Dr. Dan May, assistant professor of mathematics, will discuss how types of dance have deep mathematic properties in the next Geek Speak lecture Thursday, March 16 at 4 p.m. in Jonas Hall 110 on the BHSU campus.
The next Black Hills State University Geek Speak lecture will explore types of dance that have deep mathematical properties.
Dr. Dan May, assistant professor of mathematics, presents “Do-si-dos and dihedrals: mathematics and, wait, what...dance?!?” Thursday, March 16 at 4 p.m. in Jonas Hall room 110 on the BHSU campus.
May says his lecture will mostly focus on a type of line dancing called contra dance.
“In contra dance you have two long lines of dancers facing each other broken up into subgroups of four dancers. Each group has a caller who calls out various moves for the group to engage in. For example, dancers would end up circling left one quarter. The dancers would all rotate and end up with a different dance partner,” says May.
According to May, if the dance continues in this order each dancer will end up dancing with every other dancer in the line. During the Geek Speak lecture, attendees will participate in this dance to see first-hand how the math applies.
“One of the reasons I like this group theory math so much is that it does lend itself towards these hands-on activities,” added May. “For contra dance, the goal is that each couple will move on down the line and get a chance to dance with the next couple. There are mathematical rules that dictate what specific change will happen. The sequence of moves has to be in order for the dance to progress.”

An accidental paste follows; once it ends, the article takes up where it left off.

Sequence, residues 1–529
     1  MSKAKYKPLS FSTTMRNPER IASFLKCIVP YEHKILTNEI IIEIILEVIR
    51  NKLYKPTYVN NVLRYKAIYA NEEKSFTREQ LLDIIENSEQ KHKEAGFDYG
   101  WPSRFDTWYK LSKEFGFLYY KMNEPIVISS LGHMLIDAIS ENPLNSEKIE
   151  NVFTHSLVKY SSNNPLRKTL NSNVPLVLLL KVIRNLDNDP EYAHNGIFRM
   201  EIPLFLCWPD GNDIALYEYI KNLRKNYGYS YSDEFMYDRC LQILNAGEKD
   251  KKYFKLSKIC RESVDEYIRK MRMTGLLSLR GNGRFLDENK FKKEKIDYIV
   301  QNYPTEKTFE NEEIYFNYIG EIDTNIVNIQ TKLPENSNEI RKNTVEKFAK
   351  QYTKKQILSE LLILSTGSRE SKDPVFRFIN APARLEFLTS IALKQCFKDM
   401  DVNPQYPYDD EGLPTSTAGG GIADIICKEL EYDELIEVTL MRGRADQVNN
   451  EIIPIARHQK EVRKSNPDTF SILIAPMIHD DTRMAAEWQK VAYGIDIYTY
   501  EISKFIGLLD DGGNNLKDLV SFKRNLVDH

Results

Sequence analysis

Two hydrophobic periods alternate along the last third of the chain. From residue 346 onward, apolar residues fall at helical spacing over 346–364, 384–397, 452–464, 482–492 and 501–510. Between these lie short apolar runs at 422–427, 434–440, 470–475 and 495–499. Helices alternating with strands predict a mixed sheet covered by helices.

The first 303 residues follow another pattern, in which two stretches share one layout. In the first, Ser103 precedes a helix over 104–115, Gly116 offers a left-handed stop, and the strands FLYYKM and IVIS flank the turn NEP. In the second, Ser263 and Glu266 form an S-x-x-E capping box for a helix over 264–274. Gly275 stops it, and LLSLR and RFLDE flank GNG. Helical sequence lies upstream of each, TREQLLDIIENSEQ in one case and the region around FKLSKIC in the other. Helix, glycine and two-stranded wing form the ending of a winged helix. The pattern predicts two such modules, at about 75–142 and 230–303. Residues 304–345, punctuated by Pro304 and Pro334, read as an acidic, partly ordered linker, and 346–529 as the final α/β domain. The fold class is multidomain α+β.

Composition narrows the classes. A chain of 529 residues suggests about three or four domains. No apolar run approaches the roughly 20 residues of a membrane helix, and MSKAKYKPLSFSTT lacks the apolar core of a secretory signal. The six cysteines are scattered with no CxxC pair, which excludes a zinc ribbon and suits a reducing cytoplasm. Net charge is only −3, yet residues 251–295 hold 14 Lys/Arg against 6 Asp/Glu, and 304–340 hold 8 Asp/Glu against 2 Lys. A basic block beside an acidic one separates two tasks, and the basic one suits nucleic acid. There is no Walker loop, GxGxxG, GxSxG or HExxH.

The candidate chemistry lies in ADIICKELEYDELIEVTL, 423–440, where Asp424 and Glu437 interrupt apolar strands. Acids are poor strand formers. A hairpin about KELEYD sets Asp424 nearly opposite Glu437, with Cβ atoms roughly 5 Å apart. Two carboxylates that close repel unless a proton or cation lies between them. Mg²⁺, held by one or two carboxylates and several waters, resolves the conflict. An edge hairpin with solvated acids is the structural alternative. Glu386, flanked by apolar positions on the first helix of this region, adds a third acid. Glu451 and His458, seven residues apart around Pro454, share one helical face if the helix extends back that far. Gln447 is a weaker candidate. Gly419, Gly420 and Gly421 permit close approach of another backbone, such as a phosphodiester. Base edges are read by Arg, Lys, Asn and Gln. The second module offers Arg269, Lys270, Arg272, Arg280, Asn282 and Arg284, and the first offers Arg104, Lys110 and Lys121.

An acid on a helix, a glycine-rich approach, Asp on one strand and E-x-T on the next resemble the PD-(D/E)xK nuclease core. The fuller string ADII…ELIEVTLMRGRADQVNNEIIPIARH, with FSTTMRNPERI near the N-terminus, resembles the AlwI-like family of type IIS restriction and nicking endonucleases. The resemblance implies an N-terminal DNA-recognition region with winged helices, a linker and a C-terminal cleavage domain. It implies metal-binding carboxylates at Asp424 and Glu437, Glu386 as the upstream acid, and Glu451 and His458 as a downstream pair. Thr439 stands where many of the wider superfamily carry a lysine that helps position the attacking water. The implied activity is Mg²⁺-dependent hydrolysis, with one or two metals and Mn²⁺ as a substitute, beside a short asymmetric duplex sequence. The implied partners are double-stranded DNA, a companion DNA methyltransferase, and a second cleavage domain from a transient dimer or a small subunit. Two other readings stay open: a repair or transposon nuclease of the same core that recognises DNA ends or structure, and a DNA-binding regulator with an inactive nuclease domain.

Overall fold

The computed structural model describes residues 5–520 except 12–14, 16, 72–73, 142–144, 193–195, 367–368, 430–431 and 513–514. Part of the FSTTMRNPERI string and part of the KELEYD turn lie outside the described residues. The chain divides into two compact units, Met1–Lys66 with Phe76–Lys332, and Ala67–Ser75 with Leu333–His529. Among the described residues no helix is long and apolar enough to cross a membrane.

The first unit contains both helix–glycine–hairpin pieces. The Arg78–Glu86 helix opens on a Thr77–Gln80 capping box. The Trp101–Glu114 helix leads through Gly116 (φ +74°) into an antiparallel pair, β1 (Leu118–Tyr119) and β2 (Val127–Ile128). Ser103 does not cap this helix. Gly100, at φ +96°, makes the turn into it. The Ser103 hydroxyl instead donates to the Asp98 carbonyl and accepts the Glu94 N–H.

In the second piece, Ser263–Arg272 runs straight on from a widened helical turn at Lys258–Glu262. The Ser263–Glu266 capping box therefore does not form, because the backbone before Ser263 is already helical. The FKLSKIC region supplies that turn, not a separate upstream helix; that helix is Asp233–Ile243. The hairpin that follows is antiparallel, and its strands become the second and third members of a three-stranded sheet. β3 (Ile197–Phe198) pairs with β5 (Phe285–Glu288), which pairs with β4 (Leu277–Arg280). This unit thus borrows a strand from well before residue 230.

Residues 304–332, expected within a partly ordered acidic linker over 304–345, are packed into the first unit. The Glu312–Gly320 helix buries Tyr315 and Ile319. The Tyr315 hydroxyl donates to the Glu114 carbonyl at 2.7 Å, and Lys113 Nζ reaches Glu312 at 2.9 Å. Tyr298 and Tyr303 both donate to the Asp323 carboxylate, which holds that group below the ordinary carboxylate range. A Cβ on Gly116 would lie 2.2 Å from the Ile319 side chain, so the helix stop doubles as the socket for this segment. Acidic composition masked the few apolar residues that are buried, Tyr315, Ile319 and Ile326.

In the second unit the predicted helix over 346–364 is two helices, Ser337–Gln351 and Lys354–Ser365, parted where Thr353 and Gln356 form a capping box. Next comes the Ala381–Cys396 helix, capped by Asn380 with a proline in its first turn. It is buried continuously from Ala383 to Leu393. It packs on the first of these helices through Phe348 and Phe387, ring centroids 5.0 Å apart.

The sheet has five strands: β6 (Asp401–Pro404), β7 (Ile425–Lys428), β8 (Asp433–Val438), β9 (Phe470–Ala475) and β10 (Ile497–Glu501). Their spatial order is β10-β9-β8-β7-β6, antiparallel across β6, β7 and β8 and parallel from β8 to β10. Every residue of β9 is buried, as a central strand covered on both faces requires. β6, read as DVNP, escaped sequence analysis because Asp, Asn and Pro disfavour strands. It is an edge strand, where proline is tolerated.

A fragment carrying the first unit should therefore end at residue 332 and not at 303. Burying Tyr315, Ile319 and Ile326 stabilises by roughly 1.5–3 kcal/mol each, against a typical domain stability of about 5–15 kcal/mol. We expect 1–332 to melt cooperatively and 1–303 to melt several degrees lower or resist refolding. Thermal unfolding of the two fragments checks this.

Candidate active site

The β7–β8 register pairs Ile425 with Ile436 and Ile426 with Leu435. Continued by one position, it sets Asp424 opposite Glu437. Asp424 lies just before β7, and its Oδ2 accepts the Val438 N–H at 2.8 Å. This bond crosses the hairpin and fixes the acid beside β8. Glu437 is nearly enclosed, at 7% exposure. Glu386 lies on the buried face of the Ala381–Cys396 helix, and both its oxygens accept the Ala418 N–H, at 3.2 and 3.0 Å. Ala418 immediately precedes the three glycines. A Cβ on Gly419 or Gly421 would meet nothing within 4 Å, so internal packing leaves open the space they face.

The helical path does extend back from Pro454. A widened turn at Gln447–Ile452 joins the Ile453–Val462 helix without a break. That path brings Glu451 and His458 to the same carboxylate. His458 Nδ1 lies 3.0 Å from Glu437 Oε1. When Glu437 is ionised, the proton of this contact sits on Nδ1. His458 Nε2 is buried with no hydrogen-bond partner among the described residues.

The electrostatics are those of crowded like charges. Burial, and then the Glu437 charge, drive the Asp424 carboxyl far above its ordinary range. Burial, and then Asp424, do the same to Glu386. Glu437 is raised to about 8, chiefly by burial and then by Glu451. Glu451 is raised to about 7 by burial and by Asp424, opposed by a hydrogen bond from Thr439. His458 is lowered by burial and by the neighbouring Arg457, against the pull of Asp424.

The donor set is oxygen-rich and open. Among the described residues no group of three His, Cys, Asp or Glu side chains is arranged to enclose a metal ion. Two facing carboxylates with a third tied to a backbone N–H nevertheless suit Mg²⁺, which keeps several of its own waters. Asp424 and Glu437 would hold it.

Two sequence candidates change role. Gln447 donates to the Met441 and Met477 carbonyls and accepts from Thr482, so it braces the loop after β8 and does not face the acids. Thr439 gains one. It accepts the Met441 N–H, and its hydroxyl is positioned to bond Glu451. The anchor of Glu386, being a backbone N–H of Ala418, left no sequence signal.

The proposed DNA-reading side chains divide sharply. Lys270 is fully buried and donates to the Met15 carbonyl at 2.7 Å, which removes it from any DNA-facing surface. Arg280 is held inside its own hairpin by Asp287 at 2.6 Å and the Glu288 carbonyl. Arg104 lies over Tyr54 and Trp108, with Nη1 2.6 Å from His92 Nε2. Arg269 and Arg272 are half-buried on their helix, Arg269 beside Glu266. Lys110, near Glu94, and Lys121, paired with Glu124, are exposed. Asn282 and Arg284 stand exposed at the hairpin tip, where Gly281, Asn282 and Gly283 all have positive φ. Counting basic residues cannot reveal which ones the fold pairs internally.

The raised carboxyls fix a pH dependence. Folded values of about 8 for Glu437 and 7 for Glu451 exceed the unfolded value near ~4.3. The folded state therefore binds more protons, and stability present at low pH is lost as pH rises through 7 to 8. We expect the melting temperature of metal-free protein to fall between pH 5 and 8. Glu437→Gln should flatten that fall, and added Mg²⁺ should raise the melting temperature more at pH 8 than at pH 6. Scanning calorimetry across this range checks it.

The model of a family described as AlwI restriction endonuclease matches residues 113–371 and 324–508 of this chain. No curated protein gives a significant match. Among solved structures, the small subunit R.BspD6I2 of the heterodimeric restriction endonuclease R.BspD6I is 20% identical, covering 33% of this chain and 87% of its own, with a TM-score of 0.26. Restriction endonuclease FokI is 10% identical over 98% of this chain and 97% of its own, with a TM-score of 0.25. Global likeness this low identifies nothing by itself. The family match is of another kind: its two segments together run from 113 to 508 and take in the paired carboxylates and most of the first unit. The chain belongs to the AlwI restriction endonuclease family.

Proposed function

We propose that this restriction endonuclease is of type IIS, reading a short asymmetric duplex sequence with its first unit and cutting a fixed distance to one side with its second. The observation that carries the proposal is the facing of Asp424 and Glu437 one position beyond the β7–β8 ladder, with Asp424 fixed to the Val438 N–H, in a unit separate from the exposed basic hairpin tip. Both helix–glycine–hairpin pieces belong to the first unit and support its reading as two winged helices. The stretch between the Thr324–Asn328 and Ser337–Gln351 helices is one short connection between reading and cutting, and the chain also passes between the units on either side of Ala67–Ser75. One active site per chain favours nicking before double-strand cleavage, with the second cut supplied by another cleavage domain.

May says this type of math, called group theory, is math that most people only learn if they are math majors in college. While the underlining mathematics is very deep, May says he will give an overview at the lecture.
“I hope the audience can learn about what advanced mathematics looks like in reality. Hopefully they enjoy the dancing part of it too. I hope people have fun,” says May.
The Geek Speak lecture series, sponsored by the BHSU University Honors program, features academic discussion and topics not normally discussed in the traditional classroom. The goal of the weekly lectures is to expose students to diversity within the disciplines.
For more information, contact Dr. Courtney Huse Wika, director of the University Honors Program and assistant professor of English, at 605-642-6918 or email Courtney.HuseWika@BHSU.edu.
In addition to the on-campus presentations, some Geek Speaks will also be presented at the Jacket Zone store in downtown Spearfish.
The following on-campus Geek Speak presentations, which are held Thursdays at 4 p.m. in Jonas Hall, room 110, are scheduled for this semester:
· March 23, “Advocating for the Protection of Native Women Through Theatrical, Spoken Word and Slam Poetry Performances” by Dr. Nikki Dragone, assistant professor of English
· March 30, “Bad Bureaucrats? The Future of Whistleblowing in a Post-Snowden World” by BHSU alum and Ph.D. student Cody Drolc
· April 6: “From Blake to the Beatles and Beyond: The Legacy of Romanticism” by Dr. Martin Fashbaugh, assistant professor of English
· April 20 “Metapatterns” by Dr. Liz Fayer, instructor/coordinator Project SECOND, and Dr. Joanna Jones, former BHSU professor
· April 27, “Madness in Popular Culture: The ‘Insanity’ of Women, by Dr. Laura Colmenero-Chilberg, professor of sociology